I loved this spooky, quirky, thoughtful book! ‘Carousel’ by Brendan Ritchie has been on my TBR list for simply ages (please don’t ask me how long my very-long-list is!) so I jumped at the opportunity to grab it from my library.
Firstly, because it’s set in my closest too-enormous shopping centre, one of my least favourite places to be. Imagine being stuck in there <comical grimace>. I was intrigued how the book would play out.
Secondly, and most superly importantly, I wanted to read it because of a dream I used to have when I was a kid. All. The. Time. I was the only one locked up in a shop after hours. And it used to start out as such an awesome dream, with me finding all the lollies. Until it would always, without fail, turn spooky. Something else would be in there with me.
Cue the ‘Carousel’ toilet gnomes, people. When I read about them, I came to the realisation I might never ever shop at Carousel again… 🙂 Seriously, if I could choose ANYTHING to try and make huge empty toilet blocks less scary, it would not be garden gnomes with their little faces watching out of the shadows… <shudder>
‘Carousel’ is a clever study of character and humanity. How do you survive for so long in something so big and artificial? How do you manage to live with so few other people, day after day? I loved the tactical food policies the characters have in place to keep healthy. The sinister light patterns. The idea of dragging your favourite bed from one store into the bookstore – because, why the heck not?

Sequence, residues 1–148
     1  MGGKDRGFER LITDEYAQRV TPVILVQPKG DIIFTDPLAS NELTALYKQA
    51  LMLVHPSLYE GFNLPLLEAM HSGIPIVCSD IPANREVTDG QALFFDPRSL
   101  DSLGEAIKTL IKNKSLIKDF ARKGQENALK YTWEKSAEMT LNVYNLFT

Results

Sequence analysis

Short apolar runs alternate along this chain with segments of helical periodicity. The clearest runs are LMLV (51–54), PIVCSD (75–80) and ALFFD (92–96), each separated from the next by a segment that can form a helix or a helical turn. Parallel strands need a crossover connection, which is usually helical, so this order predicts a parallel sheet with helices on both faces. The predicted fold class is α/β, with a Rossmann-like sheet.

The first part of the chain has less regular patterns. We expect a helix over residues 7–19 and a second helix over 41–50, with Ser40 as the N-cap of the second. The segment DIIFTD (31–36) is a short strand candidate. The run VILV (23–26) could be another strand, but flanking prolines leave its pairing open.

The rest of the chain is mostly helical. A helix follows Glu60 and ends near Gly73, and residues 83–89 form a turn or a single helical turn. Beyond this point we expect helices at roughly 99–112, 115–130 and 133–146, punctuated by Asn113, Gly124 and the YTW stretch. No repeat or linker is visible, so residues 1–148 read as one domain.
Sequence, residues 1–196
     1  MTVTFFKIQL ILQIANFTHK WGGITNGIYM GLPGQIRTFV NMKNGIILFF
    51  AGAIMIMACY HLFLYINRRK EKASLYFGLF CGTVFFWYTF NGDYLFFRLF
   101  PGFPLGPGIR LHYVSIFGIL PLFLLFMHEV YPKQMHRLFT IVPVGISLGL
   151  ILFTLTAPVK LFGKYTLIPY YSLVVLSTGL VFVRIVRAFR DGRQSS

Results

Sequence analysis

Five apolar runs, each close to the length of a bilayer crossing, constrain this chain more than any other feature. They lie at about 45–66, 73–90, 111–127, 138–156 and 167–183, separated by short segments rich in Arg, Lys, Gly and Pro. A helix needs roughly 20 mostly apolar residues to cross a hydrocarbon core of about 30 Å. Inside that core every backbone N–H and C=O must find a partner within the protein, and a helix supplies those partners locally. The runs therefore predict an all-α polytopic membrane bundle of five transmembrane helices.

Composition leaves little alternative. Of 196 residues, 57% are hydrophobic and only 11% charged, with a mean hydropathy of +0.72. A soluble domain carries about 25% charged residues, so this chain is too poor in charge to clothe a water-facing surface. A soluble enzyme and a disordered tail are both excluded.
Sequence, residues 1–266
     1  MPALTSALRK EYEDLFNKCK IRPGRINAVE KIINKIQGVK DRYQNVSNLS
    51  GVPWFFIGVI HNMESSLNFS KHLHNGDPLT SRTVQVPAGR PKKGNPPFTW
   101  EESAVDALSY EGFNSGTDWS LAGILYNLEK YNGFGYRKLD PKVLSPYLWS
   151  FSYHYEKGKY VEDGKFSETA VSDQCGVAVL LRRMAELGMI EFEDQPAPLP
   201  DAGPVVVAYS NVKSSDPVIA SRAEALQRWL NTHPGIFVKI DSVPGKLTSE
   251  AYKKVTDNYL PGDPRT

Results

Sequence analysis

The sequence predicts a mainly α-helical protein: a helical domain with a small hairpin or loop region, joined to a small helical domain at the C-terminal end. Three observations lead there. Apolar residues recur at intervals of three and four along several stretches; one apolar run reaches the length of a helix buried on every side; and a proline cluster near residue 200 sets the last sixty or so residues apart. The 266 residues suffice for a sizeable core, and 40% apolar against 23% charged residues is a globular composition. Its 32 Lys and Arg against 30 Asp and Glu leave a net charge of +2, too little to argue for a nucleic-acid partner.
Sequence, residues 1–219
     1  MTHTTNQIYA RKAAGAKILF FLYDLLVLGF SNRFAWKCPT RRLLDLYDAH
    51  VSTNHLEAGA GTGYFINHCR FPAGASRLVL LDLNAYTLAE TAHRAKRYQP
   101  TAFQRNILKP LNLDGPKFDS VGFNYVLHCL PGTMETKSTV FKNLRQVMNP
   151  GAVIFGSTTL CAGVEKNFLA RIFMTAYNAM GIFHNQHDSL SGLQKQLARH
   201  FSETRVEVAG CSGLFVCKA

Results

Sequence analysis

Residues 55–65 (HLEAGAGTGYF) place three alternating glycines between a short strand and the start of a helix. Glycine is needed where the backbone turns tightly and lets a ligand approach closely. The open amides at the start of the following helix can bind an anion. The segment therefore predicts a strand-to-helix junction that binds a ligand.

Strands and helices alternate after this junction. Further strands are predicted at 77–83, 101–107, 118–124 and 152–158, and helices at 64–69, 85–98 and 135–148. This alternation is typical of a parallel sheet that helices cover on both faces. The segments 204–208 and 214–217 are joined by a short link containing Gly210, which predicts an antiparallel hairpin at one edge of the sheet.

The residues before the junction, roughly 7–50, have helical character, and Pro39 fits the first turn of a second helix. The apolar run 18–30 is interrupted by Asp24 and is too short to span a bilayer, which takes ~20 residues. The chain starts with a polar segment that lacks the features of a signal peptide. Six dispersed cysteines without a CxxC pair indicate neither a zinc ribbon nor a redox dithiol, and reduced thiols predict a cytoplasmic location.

“… there was something sinister about the owner of the small hatchback parked below. All of us had felt it. The way they had parked the car across two bays. As if well aware that the centre was, or would remain, empty. If this person had been here since the first day then they were actively hiding from us, or dead.”
Ritchie plays well with the timeline. I was initially surprised, after the first two chapters, to find Chapter 3 jumped forward seven months. But it makes so much sense. This is a story about survival, tenacity and adaptation, and there’s little of that in those first months of juxtaposed bounty and rot. So Ritchie jumps to when they’ve learned their lessons, accepted they’re stuck for a while, and started to go a little stir-crazy. And run low on some things too.
The representation of the change in the characters, especially MC Nox, through what they wear and do – when one can wear and do pretty much anything except escape – is clever. And the twist? At the end? With the you-know-whats that have been left hidden there the whole time? Making you realise that outside is far spookier than you ever imagined? Making you massively change your picture of what drove one character? OMG. Clever.
I’m in the midst of edits at the moment, so this is a uber-quick review. It comes with a big thumbs up from me!
So… head out and read it… and remember to never, ever, ever, move the gnomes!